As we all know, exercise is good for you, and it’s even better if done outdoors! Being outdoors will boost your serotonin levels. Serotonin is associated with boosting mood and helps keep you calm and focused.
Being outdoors also lets us take in more sunlight which has other amazing properties – it provides a source of vitamin D, lowers high blood pressure and even improves brain function. Research has shown that vitamin D plays an important role in regulating our moods and warding off depression.
To top things off on why sunlight is important, melatonin from outdoor light helps our body know if it’s light or dark which helps our sleep.
4. Communication & connection
Humans, in general, are social beings. Unfortunately due to the lockdown, we’ve been forced to become asocial, at least in physical terms.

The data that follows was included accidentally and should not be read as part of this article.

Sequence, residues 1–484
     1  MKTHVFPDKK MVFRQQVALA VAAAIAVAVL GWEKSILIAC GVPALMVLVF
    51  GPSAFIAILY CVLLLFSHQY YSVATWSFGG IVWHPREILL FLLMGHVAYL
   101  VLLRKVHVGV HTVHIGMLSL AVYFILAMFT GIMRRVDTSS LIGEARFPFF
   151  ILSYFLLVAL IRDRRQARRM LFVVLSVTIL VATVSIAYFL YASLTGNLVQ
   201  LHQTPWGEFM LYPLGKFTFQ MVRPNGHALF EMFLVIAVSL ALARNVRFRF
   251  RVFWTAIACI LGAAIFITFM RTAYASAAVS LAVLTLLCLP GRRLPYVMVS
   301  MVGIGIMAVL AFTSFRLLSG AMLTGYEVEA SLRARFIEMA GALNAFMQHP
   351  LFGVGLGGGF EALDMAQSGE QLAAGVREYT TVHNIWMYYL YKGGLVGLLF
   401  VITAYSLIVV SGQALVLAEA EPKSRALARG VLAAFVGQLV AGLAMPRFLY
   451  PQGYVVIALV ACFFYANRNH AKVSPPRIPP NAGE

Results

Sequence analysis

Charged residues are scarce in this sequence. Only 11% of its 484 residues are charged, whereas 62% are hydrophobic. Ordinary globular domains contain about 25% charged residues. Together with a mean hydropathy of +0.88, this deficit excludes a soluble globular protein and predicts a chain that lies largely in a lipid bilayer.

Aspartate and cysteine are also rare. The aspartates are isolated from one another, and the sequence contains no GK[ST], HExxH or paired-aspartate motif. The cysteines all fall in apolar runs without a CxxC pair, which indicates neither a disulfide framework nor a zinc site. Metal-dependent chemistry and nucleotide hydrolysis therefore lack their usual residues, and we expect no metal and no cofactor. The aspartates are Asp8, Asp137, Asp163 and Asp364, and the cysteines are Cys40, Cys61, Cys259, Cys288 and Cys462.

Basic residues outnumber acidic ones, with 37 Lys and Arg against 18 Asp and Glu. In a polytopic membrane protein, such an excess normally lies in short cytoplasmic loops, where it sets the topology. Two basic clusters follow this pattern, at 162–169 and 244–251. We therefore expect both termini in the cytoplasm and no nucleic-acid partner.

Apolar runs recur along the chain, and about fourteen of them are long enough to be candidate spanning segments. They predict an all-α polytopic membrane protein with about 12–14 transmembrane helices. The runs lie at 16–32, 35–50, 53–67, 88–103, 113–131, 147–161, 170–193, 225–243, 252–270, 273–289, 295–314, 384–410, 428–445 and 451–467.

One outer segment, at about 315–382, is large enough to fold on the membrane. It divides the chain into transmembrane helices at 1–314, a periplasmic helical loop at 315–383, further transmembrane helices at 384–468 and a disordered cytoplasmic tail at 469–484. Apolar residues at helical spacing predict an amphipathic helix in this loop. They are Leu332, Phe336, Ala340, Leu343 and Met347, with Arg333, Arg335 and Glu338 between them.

You see, human brains have evolved over the years for socialisation, and in a variety of different ways. Meaning that social creatures like us, need plenty of interactive stimulation to keep our brains in good order. Therefore, a lockdown can be a pretty big ask, which can result in a number of potential consequences such as stress and anxiety.
A positive side of the pandemic happening in 2020 is that our society has developed various ways for us to keep in touch with friends and family remotely, via technology.
Therefore, make the most of technology to speak or to ‘see’ the important people in your life on a regular basis. Make the most of opportunities to try to communicate, by scheduling a FaceTime or WhatsApp call with your family, or even a Zoom movie night with the girls!
You can even kick it old school and chat in the lift or over the fence with your neighbour, or speaking to a passer-by as you tend to your garden, or your delivery guy.
5. Sleep well
Nothing beats a good night’s sleep. After all, sleep is vital for our general wellbeing!
A good night’s sleep can range from 7 to 9 hours and getting one involves a bit of planning! Remember, where you sleep is important and it should be associated with sleeping alone. Try to make it a habit to wind down at a certain time just before your bedtime, which reiterates my point about the importance of structure.